Guest correspondent Sim Branaghan returns with a retrospective peek at the TV horror seasons of yore, exploring the ways our viewing habits were changed by the advent of home video, and in the process asks: did you see that bit where he chopped her head off with a shovel?
As a companion piece to my ongoing ramble through the delights of thrilling all’italiana, Giallo-a-Go-Go, I’ve invited poster expert and chum Sim Branaghan (author of British Film Posters [BFI 2006]) to contribute a Guest Post detailing the British Experience of this hot-blooded genre, more specifically through the poster images used by UK quad illustrators and designers.
Button up your black raincoat, zip up your gloves and prepare to wallow in the sexy-violent world of the Italian giallo. Amongst the treats in this five-part feature: Death Walks on High Heels, The Iguana With a Tongue of Fire, The Bloodstained Butterfly, Crimes of the Black Cat – and more!
Denis Villeneuve’s take on the first-contact theme is poignant and refreshingly intelligent, if somewhat hobbled by an out-of-nowhere twist. But its sober, reflective tone is pleasingly mature; just try not to think of The Simpsons when those heptapods show up.
A brace of stylish shockers, in which naïve dreams of stardom turn to grisly nightmare. In Nicolas Winding Refn’s The Neon Demon (2016), a wannabe supermodel arrives in LA to find herself top of the menu; and in Kevin Kölsch/Dennis Widmyer’s Starry Eyes (2014), a wannabe actress finds the reality around her falling apart after attending the movie audition from hell.
Sharon Tate dazzles in her screen debut, tormenting matronly dimwit Deborah Kerr with amulets, arrows and pierced doves; meanwhile, dutiful Marquis David Niven undergoes secret Masonic rituals with sinister cowled monks underground. Confused? You will be. But for aficionados of black-and-white British horror, Eye of the Devil is far better than its reputation suggests.
Yet another reboot of an old, old idea in new(ish) togs; charmless, wall-to-wall CGI devastation replaces the painstakingly-constructed miniature landscapes of 70s kaiju-fests. Human interest is pretty much nil, but feisty bombshell Satomi Ishihara ensures things never get too drab.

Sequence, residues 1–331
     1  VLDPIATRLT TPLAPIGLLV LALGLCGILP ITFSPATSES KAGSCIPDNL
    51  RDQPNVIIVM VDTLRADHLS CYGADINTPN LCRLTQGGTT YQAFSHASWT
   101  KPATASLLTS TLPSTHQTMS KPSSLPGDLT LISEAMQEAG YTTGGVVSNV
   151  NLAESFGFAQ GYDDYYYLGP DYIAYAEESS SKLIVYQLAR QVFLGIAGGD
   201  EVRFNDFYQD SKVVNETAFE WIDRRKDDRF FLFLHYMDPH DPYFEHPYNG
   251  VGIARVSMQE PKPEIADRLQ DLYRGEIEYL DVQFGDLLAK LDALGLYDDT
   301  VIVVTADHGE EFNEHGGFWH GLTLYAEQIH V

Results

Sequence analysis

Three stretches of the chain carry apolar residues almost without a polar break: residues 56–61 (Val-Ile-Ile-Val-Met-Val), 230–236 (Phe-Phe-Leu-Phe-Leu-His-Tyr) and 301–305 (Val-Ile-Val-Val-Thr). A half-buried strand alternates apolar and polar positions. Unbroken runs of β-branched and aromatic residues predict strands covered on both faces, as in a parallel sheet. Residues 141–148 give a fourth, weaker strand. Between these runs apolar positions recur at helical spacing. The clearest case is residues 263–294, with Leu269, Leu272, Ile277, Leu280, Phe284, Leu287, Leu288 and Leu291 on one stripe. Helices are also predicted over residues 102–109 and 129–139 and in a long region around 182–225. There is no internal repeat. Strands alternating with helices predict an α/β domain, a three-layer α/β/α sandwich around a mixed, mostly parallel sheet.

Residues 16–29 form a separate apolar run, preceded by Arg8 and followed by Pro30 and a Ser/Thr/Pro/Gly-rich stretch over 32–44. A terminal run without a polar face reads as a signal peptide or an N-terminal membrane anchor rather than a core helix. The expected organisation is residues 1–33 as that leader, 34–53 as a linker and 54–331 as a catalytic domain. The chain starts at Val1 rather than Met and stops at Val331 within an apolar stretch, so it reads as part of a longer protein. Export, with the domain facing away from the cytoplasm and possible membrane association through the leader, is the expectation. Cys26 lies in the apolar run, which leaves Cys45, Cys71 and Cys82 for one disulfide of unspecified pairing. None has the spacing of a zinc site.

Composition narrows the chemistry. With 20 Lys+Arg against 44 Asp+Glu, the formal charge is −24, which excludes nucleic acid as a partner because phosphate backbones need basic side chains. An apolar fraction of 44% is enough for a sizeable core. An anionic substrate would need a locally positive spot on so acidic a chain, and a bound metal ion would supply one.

Well, they finally did it: Ballard’s savage satire of upward mobility has made it to the big screen at last, after decades of abortive high-profile productions. While High-Rise ticks many JGB boxes, it’s not quite the full-on trip into the heart of darkness it might have been.
Director Leslie Megahey’s 1979 adaptation of the LeFanu classic was originally produced for the BBC’s Omnibus programme; it’s a fascinating blend of meticulous period detail and transgressive horror.
David Gladwell’s striking 1981 adaptation Doris Lessing’s novel, starring Julie Christie. An enigmatic and sometimes disturbing study of abuse and its aftermath, it’s a must for fans of arty science fiction.
The Devils, Mexican-style, courtesy of one-time Jodorowsky associate Juan López Moctezuma. It’s mind-bogglingly lurid, frequently hilarious and enormous fun – though you may need a quiet lie down afterwards.
Joan Crawford, Michael Gough, Suzy Kendall, Judy Geeson… All this, and David Essex too – how could you resist? Unless Billy Smart’s Circus or weak-kneed British gialli ring your bell, my advice is to try.
A brilliant, heart-stopping horror gem from director David Robert Mitchell. This one comes with an electronic score from Disasterpeace that’s guaranteed to shred your nerves. Find it, before it finds you.
Peter Cushing stars in Robert Hartford-Davies’s epic poem to bad taste; thigh-slapping fun, especially in its Filthy Foreign Version, the film has been given a splendid new high-def transfer from Grindhouse.
An outrageously entertaining Greek giallo, packed with enough lurid thrills, sex, nudity and death to fill a dozen films. Another must-see DVD release from Mondo Macabro.
Before Last Year at Marienbad baffled and enthralled cinemagoers worldwide, before a rag-tag group of castaways were stranded in Lost, an Argentine writer published a slender volume that would intrigue and inspire poets and filmmakers for the next seventy years. Its title: The Invention of Morel. In this feature article, we examine that influential novella and the two major film adaptations that followed.
A quietly compelling take on the “alien bodysnatchers” template: proof that you don’t necessarily need Big Ideas to make a SF story work, just good old-fashioned storytelling talent.
A brilliantly unique take on the post-apocalypse theme, from one of Science Fiction’s most cerebral talents. A mobile city crawls North along a system of rails, staying one step ahead of centrifugal destruction: knockout stuff.
Engrossing, original, almost unbearably distressing: Michel Faber’s latest (and last?) may be the closest thing to a religious experience a non-believer can get.
Those increasingly dissatisfied with Cronenberg’s recent film output may find much to enjoy in Consumed, a darkly witty first novel shot through with the director’s trademark style. Beneath the aberrant sexual detail and fetishistic obsession with technology is a snarky assault on the temple of commerce.